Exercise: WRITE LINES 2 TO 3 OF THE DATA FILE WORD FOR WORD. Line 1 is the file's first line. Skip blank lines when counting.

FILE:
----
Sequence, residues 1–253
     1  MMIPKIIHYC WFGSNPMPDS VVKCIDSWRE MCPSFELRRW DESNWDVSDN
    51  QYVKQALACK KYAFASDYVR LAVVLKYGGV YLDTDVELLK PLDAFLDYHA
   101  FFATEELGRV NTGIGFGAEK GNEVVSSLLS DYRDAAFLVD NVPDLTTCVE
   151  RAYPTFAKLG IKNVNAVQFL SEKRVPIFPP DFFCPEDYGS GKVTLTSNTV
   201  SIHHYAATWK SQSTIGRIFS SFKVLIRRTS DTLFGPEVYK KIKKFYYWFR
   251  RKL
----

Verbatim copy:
     1  MMIPKIIHYC WFGSNPMPDS VVKCIDSWRE MCPSFELRRW DESNWDVSDN
    51  QYVKQALACK KYAFASDYVR LAVVLKYGGV YLDTDVELLK PLDAFLDYHA